Once we picked up our rental, a red mini-van, we loaded all of our belongings in the back. CC was the packer in the crew, and she told Sally that her bag would always have to go in first because it was too big to go on top of any of the other bags.
Sally took the driver’s seat – she always drove, and I never argued. It was her way of maintaining control. I took shotgun with the maps and directions and Route 66 books. It actually worked out better this way. I liked giving directions as much as Sally liked driving the engine. Ramona would be our tour guide as she read from the Route 66 books we’d been collecting over the past year of planning for this adventure.
“First stop is Wal-Mart for a cooler and two tents,” Sally announced. “Everyone keep your eyes peeled for a good exit.”
After settling in our hotel, we decided we would walk toward Lake Michigan and find a place for dinner and whatever else might grab our attention.
The full moon directed us downtown. We crossed over the Chicago River, reveling in Chicago’s architecture. Some dubbed it the capital of architecture and the birthplace of the skyscraper. Studs Terkel called it a “city of men.” And as I looked up at the dizzying heights of the buildings surrounding us, I could see why. We stopped often for pictures, asking people we passed on the sidewalk to snap a shot or two.
We didn’t know where we were headed until Ramona spotted a banner waving in the breeze over a balcony railing, advertising “Rooftop Dining.”
“That looks like the perfect place,” Ramona said as she pointed to the sign. “It’s even got a view of the Sears Tower.”
A small elevator meant for two people opened up in the lobby.
“Come on, Mom,” Ramona said when Sally hesitated to crowd into the small cubicle. “It’s just a short ride to the rooftop.”
“All right, but I’m finding stairs for the trip down,” Sally said.
Sally hated small confined places, but we crowded around her and exchanged one-liners until we spewed out to the rooftop, where a waiter stood ready for the energy of four females set loose on the road for several weeks of freedom. Freedom is just another word for doing whatever we pleased.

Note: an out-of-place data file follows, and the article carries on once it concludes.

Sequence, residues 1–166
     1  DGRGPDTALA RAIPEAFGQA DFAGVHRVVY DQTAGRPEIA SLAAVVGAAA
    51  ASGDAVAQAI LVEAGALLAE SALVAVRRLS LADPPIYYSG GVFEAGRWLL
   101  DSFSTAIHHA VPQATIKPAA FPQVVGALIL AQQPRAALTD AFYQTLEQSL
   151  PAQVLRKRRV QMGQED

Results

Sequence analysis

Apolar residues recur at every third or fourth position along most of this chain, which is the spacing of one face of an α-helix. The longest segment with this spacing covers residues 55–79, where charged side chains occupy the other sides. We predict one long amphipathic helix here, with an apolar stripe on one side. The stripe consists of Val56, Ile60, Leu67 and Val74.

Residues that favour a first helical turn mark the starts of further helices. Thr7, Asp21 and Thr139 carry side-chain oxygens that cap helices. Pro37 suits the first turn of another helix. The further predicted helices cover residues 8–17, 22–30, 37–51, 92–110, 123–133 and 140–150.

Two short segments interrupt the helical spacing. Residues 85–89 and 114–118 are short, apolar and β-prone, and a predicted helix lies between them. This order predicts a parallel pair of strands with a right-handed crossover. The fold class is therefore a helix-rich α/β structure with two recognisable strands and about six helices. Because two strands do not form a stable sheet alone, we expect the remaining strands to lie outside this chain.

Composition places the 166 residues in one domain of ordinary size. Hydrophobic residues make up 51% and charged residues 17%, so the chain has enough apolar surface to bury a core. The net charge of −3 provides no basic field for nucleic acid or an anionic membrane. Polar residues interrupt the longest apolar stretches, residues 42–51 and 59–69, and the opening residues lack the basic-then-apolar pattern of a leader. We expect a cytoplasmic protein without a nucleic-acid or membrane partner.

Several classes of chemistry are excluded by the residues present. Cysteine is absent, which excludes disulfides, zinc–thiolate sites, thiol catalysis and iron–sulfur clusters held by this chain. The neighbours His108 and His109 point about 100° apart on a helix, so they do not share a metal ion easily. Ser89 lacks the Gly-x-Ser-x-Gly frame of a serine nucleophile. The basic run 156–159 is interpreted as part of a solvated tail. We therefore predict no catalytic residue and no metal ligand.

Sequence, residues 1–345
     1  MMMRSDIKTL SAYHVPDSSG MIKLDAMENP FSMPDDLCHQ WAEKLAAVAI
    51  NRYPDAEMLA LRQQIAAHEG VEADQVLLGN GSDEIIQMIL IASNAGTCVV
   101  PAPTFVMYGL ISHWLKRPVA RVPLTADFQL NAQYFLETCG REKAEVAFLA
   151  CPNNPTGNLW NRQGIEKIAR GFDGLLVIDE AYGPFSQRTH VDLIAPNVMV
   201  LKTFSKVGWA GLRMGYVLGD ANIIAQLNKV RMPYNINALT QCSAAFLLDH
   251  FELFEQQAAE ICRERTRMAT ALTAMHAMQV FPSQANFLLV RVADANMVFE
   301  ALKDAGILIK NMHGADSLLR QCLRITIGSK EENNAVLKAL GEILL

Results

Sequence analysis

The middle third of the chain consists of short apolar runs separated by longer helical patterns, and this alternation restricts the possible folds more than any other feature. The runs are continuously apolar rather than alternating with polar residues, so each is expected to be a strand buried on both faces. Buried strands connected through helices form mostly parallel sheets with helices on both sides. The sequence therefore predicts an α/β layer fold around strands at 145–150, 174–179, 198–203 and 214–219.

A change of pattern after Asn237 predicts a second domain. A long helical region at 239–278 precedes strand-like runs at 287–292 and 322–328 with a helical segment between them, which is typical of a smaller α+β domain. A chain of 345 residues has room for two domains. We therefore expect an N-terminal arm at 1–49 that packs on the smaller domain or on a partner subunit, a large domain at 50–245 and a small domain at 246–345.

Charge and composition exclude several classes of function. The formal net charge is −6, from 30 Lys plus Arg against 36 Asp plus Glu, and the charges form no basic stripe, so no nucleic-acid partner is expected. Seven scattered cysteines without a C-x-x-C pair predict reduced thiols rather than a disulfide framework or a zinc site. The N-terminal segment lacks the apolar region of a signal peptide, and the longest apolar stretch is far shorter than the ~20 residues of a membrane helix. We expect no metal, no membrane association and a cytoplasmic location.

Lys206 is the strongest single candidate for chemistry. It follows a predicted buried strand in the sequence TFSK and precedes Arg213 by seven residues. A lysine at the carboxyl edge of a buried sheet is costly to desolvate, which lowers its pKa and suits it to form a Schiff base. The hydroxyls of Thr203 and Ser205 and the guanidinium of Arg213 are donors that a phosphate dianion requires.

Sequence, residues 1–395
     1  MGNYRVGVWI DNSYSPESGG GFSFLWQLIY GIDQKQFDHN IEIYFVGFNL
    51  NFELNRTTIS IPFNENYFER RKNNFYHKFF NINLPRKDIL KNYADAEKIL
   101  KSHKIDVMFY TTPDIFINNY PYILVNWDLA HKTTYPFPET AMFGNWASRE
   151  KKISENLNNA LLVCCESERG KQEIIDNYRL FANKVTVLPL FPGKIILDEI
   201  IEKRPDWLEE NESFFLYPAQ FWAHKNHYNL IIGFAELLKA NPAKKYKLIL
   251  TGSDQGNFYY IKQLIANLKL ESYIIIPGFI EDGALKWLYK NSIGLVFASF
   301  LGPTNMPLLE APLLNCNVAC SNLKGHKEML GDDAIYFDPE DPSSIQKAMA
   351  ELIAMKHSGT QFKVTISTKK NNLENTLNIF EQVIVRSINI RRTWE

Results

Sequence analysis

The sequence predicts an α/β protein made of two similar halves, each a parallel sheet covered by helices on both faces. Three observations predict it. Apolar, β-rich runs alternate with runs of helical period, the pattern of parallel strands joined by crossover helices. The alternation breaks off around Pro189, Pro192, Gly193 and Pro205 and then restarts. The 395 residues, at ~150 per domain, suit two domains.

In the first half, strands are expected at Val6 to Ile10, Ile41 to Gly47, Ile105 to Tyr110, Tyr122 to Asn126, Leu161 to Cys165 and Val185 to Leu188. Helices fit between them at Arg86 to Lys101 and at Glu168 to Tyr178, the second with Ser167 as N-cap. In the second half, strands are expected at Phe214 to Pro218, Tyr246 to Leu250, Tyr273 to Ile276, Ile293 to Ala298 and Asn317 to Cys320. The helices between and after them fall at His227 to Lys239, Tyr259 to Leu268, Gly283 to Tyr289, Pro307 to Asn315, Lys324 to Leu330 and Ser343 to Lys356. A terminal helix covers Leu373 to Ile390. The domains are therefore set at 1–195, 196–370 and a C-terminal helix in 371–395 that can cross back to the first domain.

“I’d like to hear some blues or jazz tonight,” I told Sally as we waited to be seated. The full moon began its ascent over Chicago’s skyscrapers, providing a soft glow over our already glowing faces. “Johnny and I came here twice, but he never liked going to clubs.”
“Then we’ll do it tonight,” Sally said. “Anything is possible.”
“Do you really believe that?” I asked. Sally’s perpetual optimism never failed to amaze me.
“I have no choice but to believe it,” Sally said. “It’s the only way I can get up every morning and remain positive.”
The waiter, young, handsome and very Jamaican, was actually the bartender, but he had to fill in for the usual Friday night waitress.
“She had quite a hangover from last night,” he said. “So I’m going to sit you beautiful ladies right here where you’ll notice there’s an extra chair just for me.”
“I don’t believe it!” Sally said. “They have hot dogs on the menu.”
“Mom, you’re not going to order a hot dog on our one night in Chicago,” Ramona said.
“I most certainly am,” Sally said. “And I’d like us all to make a pact. No criticizing each other for just being ourselves.”
Ramona shrugged and CC rolled her eyes, but eventually both of them agreed. Then they all looked at me.
“It’s a part of my personality to make fun,” I said. “Does that count as criticizing?”
“You know what I mean,” Sally said. “If I want to eat five hot dogs for dinner no one is allowed to say anything.”
“What if it gives you gas and makes the rest of us sick? Can we say something to you then?” I asked.
Now it was Sally’s turn to roll her eyes. She ordered the hot dog with everything except sauerkraut.
“Does that mean I can’t tease you about all the hand lotion you put on your hands?” CC asked me.
“I have no idea what you mean,” I said as I reached around to my purse hanging from my chair to see if I had a bottle of Aveeno ready to apply when I was alone.
Our substitute waiter messed up the drink orders, but he was so cute and funny we forgave him. We ended up with an extra drink or two, mixing our red wines with the whites. Two margaritas, one with salt and the other without, magically appeared when no one had even ordered a margarita. It was that kind of night. The margarita glasses soon stood empty on a table overflowing with dirty dishes and empty glasses.